The Super Bowl has always been a prime window for advertisers. More than 100 million pairs of eyeballs have been glued to the game each year across broadcast and digital channels, with the coveted 18-to-34 demographic increasingly moving toward digital viewing.
While we don’t yet know the number of people who watched Super Bowl LI via a desktop or mobile device, we do know that 3.96 million unique visitors did so in 2016 – a 58 percent increase over the 2015 numbers. As more consumers shift to digital channels, the advertising possibilities open up far wider than they ever did with broadcast alone.
What does this mean? Digital transformation is underway and being supported more broadly in the mainstream, as more advertisers were able to participate with digital only investments in Super Bowl advertising. Fox led the way, ensuring advertisers could invest in online ads instead of traditional broadcast ads. The cost was $700,000 for a 30 second spot online, versus $5 million for the broadcast in traditional TV channel. Even our Super Bowl squares are now digitized. Here are some examples of ads that had a digital or a cross-over approach:
- Budweiser’s ‘Born the Hard Way’ ad accumulated the most online video views as of the morning after the game. The ad told the story of immigration to America and a dramatization of the early establishment of Anheuser and Busch partnerships spawning Budweiser.
- Ford Motor Company’s advertisement told a story about people getting stuck in various situations and how the company’s products helped them “go further,” linking digital viewers directly to a dedicated web page for the company’s new slogan and offering avenues to connect with the company on social.
- Snickers “attempted” to do a live commercial during the third quarter of the game, only to have Adam Driver show up and ruin the whole thing because he was hungry. Turns out that was the commercial, and the brand took to social to apologize for the “mishap” that Driver caused. Snickers carried the theme through the rest of the night, going so far as to congratulate the winning Patriots for eating their Snickers bars.
- Verizon Wireless took to rebutting the claims of its competitors in real-time via its Twitter account, essentially “trolling” T-Mobile and Sprint while also interacting with consumers in real-time. Verizon didn’t air a commercial during the game, but T-Mobile aired one featuring a send-up of 50 Shades of Grey that equated being on Verizon to BDSM. Verizon’s response sparked a small Twitter war between the brands.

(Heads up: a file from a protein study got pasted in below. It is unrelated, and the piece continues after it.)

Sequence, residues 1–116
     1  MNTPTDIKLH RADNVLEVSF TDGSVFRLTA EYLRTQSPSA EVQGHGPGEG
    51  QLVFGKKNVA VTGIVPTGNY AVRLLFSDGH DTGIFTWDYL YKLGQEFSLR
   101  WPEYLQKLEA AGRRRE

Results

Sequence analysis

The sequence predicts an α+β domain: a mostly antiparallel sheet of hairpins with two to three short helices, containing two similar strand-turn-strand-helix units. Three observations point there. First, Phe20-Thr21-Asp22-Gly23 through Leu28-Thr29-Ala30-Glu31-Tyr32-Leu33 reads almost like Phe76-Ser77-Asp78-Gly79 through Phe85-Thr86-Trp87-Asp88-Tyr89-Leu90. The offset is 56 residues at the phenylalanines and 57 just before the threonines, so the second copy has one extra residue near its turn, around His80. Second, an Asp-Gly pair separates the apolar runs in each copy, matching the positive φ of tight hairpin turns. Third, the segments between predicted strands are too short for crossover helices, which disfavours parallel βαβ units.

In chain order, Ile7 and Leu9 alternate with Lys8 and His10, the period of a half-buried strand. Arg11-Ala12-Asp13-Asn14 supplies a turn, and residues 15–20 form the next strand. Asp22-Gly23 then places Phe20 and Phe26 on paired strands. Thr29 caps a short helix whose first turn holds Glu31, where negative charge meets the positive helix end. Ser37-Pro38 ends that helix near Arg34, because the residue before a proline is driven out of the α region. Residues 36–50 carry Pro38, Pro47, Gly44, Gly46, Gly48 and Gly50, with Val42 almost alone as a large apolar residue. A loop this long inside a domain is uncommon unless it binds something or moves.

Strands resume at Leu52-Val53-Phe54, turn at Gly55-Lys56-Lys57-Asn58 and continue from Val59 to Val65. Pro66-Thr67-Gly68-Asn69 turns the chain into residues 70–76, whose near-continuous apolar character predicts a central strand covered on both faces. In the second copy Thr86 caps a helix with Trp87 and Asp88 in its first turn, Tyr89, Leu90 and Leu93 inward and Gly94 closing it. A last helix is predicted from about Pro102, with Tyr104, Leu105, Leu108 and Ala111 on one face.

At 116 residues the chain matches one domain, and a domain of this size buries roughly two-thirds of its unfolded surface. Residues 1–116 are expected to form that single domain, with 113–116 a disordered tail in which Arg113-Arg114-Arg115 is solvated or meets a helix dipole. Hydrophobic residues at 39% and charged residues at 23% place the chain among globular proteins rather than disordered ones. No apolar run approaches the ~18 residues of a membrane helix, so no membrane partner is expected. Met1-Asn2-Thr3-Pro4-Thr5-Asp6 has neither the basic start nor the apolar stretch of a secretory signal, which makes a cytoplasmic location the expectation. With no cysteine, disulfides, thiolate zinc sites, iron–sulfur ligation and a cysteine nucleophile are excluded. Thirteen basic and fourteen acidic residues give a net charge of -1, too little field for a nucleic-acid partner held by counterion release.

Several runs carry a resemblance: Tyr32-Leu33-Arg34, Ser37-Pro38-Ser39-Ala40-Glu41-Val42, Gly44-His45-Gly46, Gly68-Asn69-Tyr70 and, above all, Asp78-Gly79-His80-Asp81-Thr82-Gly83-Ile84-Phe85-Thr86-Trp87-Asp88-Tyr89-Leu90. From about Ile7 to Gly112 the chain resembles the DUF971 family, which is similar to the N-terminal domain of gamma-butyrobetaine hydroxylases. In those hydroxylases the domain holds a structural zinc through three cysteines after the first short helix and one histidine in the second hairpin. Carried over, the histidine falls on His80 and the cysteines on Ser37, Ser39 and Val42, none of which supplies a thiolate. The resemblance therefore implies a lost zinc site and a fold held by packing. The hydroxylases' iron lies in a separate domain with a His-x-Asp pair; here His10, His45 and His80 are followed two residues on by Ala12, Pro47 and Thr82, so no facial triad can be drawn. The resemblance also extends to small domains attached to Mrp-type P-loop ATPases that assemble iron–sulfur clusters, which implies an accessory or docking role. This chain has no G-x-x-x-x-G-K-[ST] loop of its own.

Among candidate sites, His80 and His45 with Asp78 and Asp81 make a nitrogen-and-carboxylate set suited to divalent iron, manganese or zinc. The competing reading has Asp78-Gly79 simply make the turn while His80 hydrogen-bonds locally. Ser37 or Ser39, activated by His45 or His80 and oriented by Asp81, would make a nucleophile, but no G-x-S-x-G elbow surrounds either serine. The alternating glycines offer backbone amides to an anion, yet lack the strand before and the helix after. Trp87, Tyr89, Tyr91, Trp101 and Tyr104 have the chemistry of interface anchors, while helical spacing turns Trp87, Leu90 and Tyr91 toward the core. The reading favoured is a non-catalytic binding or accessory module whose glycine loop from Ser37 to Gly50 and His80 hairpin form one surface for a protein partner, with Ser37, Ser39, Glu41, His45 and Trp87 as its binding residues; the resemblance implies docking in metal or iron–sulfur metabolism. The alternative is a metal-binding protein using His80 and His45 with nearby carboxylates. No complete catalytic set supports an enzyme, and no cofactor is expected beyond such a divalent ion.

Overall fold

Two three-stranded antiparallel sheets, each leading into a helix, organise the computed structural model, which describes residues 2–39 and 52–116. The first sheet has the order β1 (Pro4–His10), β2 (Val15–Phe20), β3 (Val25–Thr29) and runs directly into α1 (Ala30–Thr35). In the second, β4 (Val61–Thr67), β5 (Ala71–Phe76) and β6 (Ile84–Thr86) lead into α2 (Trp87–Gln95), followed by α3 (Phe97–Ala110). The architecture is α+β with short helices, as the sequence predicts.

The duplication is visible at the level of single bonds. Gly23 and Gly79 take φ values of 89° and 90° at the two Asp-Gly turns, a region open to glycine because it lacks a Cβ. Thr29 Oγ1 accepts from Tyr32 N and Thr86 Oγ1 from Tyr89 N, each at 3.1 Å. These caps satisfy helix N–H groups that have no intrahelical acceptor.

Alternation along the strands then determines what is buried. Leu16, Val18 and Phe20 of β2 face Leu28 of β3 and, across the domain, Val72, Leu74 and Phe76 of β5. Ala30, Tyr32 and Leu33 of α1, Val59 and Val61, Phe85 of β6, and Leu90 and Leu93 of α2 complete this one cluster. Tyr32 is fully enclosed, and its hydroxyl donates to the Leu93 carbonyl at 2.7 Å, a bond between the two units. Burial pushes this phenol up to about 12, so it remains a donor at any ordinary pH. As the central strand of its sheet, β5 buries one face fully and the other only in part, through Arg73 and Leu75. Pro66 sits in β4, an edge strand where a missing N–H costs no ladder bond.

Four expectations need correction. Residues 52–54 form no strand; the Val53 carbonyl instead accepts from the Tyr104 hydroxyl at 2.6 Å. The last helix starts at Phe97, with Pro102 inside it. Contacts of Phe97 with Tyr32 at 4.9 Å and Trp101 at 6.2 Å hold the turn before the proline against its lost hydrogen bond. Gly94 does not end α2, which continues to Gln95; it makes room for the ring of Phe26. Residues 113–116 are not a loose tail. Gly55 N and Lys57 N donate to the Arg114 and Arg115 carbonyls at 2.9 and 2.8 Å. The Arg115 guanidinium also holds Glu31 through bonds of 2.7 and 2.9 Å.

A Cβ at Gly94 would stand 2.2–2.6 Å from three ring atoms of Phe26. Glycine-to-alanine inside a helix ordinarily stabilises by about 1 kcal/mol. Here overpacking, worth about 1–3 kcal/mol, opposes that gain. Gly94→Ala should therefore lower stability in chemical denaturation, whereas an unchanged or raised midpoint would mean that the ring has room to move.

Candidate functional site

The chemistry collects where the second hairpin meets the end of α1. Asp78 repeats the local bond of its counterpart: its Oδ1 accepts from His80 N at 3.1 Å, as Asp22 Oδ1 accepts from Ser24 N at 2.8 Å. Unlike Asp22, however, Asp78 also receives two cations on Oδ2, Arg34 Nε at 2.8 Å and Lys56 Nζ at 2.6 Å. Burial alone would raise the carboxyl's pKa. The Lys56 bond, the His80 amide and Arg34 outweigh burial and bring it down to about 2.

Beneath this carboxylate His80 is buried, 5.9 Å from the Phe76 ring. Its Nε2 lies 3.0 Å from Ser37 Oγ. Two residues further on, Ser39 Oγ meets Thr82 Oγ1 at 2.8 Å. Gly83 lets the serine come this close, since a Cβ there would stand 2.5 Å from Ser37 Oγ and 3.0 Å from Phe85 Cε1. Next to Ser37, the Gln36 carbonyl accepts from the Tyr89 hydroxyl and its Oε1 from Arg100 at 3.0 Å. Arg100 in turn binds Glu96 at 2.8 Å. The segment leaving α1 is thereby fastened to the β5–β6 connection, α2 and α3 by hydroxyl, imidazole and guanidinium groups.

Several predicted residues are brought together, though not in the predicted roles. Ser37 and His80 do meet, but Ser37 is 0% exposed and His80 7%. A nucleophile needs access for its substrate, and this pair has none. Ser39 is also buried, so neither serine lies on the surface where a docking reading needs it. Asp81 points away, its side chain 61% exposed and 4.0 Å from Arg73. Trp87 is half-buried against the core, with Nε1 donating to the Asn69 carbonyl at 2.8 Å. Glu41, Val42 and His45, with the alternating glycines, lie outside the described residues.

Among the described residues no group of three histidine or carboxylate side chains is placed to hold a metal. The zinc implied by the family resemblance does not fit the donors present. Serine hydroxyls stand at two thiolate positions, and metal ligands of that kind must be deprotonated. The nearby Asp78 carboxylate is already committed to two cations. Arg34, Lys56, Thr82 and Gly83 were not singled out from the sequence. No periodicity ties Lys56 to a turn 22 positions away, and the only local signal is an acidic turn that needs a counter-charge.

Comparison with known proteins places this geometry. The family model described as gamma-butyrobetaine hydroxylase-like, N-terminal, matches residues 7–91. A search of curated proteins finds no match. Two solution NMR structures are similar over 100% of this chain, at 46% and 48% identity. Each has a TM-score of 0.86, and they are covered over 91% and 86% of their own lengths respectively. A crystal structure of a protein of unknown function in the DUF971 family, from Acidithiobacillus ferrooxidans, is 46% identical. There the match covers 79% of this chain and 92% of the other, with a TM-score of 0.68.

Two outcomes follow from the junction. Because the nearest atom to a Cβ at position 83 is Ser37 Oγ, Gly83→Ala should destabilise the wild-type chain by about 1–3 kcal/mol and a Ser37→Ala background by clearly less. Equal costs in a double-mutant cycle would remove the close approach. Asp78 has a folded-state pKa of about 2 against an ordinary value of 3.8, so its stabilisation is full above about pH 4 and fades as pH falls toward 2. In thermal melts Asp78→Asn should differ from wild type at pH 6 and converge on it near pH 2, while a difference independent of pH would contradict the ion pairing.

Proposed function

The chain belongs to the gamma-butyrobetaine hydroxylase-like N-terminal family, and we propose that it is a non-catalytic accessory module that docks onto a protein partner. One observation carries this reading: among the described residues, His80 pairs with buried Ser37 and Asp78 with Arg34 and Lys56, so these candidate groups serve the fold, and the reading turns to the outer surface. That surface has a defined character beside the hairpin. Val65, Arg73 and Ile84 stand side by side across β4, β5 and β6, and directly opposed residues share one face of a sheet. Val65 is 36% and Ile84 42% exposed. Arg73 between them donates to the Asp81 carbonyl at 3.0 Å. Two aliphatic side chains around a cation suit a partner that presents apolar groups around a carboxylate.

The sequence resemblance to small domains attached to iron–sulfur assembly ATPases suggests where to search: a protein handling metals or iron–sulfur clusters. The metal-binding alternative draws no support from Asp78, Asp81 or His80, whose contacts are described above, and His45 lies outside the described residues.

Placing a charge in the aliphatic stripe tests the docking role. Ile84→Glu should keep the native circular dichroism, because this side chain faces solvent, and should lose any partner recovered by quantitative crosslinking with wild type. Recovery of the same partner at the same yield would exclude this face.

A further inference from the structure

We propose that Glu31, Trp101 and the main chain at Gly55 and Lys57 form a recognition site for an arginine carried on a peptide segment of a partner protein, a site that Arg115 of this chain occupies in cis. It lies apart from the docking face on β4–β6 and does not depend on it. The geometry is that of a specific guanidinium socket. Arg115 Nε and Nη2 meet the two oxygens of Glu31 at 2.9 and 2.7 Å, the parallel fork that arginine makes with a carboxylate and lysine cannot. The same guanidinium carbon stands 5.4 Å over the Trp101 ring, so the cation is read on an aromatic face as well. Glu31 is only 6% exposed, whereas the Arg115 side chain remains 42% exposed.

What’s perhaps most interesting is that the digital advertising ecosystem now allows brands to more easily run tests to different segments, create more targeted experiences, and adapt content based on real-time activities. Where real-time marketing was once little more than being responsive on social media, the era of big data has presented enormous opportunities for brands of all sizes to take advantage of the new digital ecosystem.
Oreo’s timely tweet from Super Bowl XLVII in 2013 was a landmark event in real-time marketing, but ‘newsjacking’ like that – and the more recent social media “win” from JCPenney over Beyonce’s pregnancy photo – are not the only examples of the power inherent in how brands can leverage the new real-time digital ecosystem.
Real-time marketing has grown up beyond timely and clever social media activity to immersive online ad experiences. Back in December, we predicted real-time marketing having a bigger impact in 2017. Real-time marketing will evolve into full enterprise customer engagement, and in order to make this happen marketers need to take advantage of data science, artificial intelligence (AI), and machine learning tools such as models, scorecards, or predictive analytics. They need to look at merging together the worlds of ad tech and martech for more targeted and impactful customer journeys. They need to play the numbers game to determine what audiences, segments, or individuals are most likely to respond to and ensure an ongoing feedback loop drives future decisions.
We are just getting started on this digital transformation journey and there’s a good chance the ad experiences for Super Bowls to come will be vastly different than those of today.